Peter Wilson, Europe correspondent From: The Australian May 03, 2011 12:00AM
SECURITY forces across Europe braced last night for a backlash from supporters of Osama bin Laden, with warnings there could be attacks "in the coming days" and that it was "just a question of when and where".
Pakistan and Afghanistan were seen as the most likely scenes of any retaliation, but bin Laden's death came just a week after WikiLeaks documents revealed claims his supporters could unleash a "nuclear hellstorm" in the West if he were killed or captured.
Wikileaks released records of US military interrogations of detainees in the Guantanamo Bay military base in which one senior bin Laden aide, Khalid Sheikh Mohammed, claimed a nuclear device had been stolen and hidden in Europe to hit back if bin Laden were captured.
British embassies around the world were ordered to tighten their security yesterday, with Foreign Secretary William Hague ordering a worldwide review of security because of the danger of violent reprisals.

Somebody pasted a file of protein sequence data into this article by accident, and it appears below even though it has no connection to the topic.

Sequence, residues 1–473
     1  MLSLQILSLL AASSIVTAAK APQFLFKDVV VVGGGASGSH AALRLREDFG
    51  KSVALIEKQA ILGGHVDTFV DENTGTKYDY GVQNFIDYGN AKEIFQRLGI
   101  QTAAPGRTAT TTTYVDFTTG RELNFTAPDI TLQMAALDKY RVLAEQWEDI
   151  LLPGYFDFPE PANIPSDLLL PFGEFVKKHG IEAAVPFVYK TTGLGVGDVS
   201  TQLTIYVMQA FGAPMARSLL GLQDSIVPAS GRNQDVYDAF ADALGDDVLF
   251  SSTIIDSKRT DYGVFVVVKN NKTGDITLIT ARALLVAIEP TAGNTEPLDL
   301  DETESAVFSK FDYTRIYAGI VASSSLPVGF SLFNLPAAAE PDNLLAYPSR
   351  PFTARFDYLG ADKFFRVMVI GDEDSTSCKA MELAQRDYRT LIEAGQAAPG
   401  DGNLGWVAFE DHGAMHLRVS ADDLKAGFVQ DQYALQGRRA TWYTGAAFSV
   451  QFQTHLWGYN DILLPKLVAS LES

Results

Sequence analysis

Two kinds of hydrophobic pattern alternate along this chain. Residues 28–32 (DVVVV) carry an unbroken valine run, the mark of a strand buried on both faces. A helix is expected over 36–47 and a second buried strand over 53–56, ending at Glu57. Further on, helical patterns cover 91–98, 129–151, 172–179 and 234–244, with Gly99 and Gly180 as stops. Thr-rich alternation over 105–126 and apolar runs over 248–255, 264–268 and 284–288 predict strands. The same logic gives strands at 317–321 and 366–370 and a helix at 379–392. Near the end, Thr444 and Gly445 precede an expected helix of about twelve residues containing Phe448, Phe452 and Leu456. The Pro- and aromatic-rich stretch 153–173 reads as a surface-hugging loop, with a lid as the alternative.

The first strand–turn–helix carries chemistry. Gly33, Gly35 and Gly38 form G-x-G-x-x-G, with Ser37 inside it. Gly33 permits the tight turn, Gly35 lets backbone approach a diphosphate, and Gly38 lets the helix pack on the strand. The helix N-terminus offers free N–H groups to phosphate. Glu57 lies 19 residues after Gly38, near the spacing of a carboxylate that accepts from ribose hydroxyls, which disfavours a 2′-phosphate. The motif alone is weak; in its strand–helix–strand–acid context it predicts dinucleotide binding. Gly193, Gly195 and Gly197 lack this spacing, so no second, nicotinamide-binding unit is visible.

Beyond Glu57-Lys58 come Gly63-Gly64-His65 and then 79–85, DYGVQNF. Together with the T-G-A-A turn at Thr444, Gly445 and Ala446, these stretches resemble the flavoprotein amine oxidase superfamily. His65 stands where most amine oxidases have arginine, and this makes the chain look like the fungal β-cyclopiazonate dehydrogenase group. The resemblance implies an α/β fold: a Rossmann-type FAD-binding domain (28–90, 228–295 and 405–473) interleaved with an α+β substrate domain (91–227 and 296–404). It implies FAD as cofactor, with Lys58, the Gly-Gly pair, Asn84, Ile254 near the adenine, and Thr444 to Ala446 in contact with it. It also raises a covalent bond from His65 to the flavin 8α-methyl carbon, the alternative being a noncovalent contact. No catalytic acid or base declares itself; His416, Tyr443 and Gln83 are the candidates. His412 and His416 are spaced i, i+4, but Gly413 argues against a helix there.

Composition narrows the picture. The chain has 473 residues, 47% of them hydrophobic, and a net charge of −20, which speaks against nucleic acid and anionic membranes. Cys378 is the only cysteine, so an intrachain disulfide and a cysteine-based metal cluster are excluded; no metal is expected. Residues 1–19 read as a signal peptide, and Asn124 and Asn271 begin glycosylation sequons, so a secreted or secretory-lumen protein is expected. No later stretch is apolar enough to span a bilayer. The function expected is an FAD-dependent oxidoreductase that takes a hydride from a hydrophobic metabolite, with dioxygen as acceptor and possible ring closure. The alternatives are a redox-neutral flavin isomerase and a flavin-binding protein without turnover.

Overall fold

"There may be parts of al-Qa'ida that will try to show they are in business in the coming weeks, as indeed some of them are," Mr Hague told the BBC during a visit to Egypt.
"So I have already this morning asked our embassies to review their security to make sure vigilance is heightened and I think that will have to be our posture for some time to come."
Richard Kemp, a former British army commander in Afghanistan who has written widely on al-Qa'ida, said he did not believe bin Laden's supporters would be able to pull off a "spectacular" on the scale of the 2001 World Trade Centre attacks, but they were likely to attempt smaller assaults.
"They will try and recover, they will undoubtedly try to strike back in some form," Mr Kemp said. "I don't suppose they will manage a major attack, but they will try and strike back in some form in the short term, in retaliation for the death of bin Laden.
"And meanwhile, others will take on his mantle. Ayman al-Zawahri, his No 2, will presumably step up to lead al-Qa'ida now."
A prominent British supporter of bin Laden warned that his killing raised the prospect of an attack like the July 7, 2005, bombings that killed 56 people in London.
Radical preacher Anjem Choudary issued a statement saying that for bin Laden's supporters, his death would "merely act as an incentive".